For 30 cents you can build a cat can stove that is fun to make, easy to use and weighs practically nothing. Spots are hard to come by and I hate paying to sleep on a slab of wood. Which is why I sold my Tarptent and now hike with a hammock. Hiking primarily in the Whites…I think hammocks are the way to go. There is no shortage of trees and I don't need level ground. Anyways, there are hidden spots…but you may have more success along the Franconia Brook Trail and other lower elevation areas.Jul 21, 2010 at 7:05 am #1630950
>>>Are there truly no ground spots near liberty springs and/or guyot???<<<
Liberty Springs is in Franconia Notch State Park where camping is restricted to designated areas. There may be "overflow" spots that the caretaker might let you use, but I would be prepared to use a platform.
Guyot definetely has overflow spots but again you're at the mercy of the caretaker. While Guyot is not in the State Park you are still subject to the rules regarding camping far enough from the trail, and you are also within the Forest Service's working definition of "above treeline" in much of that area so once again camping is restricted to designated areas. The terrain is also challenging for ground camping at non designated sites unless you're willing to descend off your route down into the valleys for camping. (That's an option but I like sleeping up high were the air is cooler, the views are nicer, and there are less bugs.)
Here is a tip for pitching the cape on a tent platform. Pull your guylines toward the edge of the platform and you can usually slot the guylines between the decking boards. Then take a stake and hold it under the decking boards and girth hitch the guyline to the stake.
There are also usually eye screws in place all around the platform that you can tie the guylines to. I just bring one or two extras in case I need one in a spot. (Some people will scream bloody murder that this is not an acceptable practice but imo if they're going to make me use a platform I'm going to make certain my shelter is stable and can withstand winds and rain for the night.)Jul 21, 2010 at 7:08 am #1630951
@ramblerLocale: On the AT in VA
Wind shirt, "Sweater Layer", and rain jacket is warmth enough. The Pemi route offers plenty of options to get out of the wind and cold. I do not use a bivy in the summer.
I would not take the lower portion of the converta pants, but would take rain pants. They are good for long pant warmth around camp or wind protection along the ridges. I use them as I would long pants.
The bivy would make a nice ground cover, but you have the Gatewood Cape as an emergency back-up that could act as your bivy.
The Gatewood was my favorite shelter until I switched to the Wild Oasis for bug protection. I never liked it as a poncho.Jul 21, 2010 at 8:44 am #1630977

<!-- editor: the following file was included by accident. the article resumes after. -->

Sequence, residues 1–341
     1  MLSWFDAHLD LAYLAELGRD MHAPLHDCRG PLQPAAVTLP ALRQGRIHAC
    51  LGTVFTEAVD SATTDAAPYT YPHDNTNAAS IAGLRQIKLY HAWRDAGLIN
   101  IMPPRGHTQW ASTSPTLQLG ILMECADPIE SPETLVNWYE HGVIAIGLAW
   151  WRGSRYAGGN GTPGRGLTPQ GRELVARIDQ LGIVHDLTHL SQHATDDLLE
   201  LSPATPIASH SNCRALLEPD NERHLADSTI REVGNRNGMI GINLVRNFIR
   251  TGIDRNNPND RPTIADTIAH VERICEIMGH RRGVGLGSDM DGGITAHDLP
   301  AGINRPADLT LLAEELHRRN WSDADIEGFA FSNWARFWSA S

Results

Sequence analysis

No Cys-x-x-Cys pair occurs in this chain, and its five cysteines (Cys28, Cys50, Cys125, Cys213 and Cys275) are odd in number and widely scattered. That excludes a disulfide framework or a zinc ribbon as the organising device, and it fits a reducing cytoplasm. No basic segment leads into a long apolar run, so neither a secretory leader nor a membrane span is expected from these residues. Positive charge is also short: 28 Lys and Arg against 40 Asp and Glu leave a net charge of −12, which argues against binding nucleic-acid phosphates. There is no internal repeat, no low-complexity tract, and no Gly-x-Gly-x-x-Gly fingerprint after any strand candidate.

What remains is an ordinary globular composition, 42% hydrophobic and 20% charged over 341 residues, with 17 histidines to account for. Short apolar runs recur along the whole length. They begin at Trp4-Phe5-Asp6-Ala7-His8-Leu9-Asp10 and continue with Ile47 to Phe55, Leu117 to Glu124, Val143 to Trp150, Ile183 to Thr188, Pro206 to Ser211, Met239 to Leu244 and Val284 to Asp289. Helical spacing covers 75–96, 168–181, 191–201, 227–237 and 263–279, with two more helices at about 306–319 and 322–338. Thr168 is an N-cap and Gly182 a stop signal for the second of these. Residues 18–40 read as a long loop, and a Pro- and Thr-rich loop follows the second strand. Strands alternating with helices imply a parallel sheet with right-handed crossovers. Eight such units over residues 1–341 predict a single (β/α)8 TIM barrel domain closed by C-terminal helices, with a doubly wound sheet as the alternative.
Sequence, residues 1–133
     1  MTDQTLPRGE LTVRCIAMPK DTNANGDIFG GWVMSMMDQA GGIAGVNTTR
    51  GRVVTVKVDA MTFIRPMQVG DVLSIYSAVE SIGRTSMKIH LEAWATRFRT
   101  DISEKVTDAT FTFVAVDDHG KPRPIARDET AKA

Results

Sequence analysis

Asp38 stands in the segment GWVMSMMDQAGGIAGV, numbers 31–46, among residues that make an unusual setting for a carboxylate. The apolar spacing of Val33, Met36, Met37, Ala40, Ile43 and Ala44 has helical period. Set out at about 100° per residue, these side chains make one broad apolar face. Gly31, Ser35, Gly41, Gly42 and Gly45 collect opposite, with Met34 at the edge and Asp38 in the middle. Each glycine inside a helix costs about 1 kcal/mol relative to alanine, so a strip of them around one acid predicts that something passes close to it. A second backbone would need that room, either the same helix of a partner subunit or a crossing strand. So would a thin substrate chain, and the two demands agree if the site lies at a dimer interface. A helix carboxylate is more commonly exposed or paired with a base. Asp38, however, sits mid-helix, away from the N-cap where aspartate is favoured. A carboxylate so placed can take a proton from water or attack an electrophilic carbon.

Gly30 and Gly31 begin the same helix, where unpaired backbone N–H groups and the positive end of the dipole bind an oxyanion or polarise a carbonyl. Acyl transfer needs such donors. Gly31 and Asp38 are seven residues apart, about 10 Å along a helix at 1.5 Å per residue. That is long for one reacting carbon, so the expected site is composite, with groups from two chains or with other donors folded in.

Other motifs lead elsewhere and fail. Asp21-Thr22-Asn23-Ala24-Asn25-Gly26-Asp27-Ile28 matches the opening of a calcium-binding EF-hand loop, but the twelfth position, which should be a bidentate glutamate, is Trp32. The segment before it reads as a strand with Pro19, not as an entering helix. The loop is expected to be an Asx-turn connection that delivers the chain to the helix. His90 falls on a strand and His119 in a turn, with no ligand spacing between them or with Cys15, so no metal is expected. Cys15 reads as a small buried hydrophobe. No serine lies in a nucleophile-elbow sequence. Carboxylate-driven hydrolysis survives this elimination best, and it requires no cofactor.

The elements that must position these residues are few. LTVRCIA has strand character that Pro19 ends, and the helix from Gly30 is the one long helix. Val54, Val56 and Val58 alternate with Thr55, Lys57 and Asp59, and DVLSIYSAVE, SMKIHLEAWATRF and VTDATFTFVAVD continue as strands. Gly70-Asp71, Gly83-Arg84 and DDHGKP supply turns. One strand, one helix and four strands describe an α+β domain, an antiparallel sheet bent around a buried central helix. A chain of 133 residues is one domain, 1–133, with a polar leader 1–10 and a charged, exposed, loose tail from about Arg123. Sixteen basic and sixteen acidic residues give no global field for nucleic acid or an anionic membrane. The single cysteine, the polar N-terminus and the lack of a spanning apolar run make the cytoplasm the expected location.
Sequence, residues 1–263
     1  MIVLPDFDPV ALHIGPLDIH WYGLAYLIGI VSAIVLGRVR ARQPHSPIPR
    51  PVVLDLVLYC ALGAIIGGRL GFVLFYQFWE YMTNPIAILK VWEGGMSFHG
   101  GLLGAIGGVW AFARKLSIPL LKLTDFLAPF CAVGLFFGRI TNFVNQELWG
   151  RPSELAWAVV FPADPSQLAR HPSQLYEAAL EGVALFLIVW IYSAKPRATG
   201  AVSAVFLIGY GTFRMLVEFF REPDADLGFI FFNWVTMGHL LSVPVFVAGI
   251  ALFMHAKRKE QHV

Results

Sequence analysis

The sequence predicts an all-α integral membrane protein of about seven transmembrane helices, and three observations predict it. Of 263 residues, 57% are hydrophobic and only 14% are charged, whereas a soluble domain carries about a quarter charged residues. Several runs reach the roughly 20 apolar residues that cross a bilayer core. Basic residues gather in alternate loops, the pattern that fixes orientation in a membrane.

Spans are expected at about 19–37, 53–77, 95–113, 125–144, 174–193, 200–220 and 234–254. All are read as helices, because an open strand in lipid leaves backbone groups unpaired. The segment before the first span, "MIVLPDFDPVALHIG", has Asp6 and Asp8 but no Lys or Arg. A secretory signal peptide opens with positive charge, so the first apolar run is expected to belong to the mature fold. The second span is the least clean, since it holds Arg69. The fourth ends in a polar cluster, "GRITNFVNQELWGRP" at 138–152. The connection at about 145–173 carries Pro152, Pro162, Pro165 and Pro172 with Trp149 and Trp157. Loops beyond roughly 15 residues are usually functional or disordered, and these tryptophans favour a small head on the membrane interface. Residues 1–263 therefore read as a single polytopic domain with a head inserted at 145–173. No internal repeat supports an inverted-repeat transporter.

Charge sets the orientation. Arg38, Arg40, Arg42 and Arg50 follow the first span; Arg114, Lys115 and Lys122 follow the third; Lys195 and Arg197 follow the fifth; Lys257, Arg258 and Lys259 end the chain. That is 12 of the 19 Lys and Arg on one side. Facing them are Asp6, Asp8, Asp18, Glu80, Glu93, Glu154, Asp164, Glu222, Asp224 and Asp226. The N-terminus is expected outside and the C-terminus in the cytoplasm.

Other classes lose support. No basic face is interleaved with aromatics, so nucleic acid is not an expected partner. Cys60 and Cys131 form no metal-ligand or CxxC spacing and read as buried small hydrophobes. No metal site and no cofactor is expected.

I agree, he doesn't need a full on parka. But he was asking if he could ditch the upper body insulation layer completely and I don't think that's smart.
Something like a fleece or down sweater is fine. Personally I use the montbell down inner but there are plenty of other options.Jul 21, 2010 at 1:39 pm #1631061
@florigenLocale: South East
This would be the season for a MB inner down jacket or something comparable from years past, full on big puffy coat would be overkill.
Guessing if convertible pants are an option bring those as well and wear the legs in camp as Frank mentioned.
Good choice with the Pocket Rocket
Liberty Springs has some pretty decent overflow spots just past the water source. Climb up over the small rock ledge and follow to the end, You'll notice a primitive path there and follow to the clearing. If someone is there go too left and you will see another path leading through some brush go about 30 feet up this too another clearing that will sleep about 10 will a killer sunset viewing area.
Guyout is pretty limited for overflow sites, plan on getting there as early as possible.
Have a great trip, hoping to get back there soon myself.
JimJul 22, 2010 at 9:22 am #1631313
I guess then the Polartec Powerstretch fleece and windshirt over my baselayer should be plenty for around camp. Again, thanks all for the advice- I'm really looking forward to this trip!Jan 8, 2011 at 8:43 am #1681780
@reeockLocale: New England
I love the pemi and always keep finding myself back there. After reading the responses the two items Id suggest are the Minibull Atomic alcohol stove($20). the thing weighs nothing and runs best on gas line antifreeze you can get cheap any most gas stations!
most importantly, up near liberty if there are no platforms available finding a good level stealth spot might be hard. Take a hammock. They are superlite, and super comfy.
did a quick overnighter during a 4 degree cold snap last year up near the falls, got some great shots :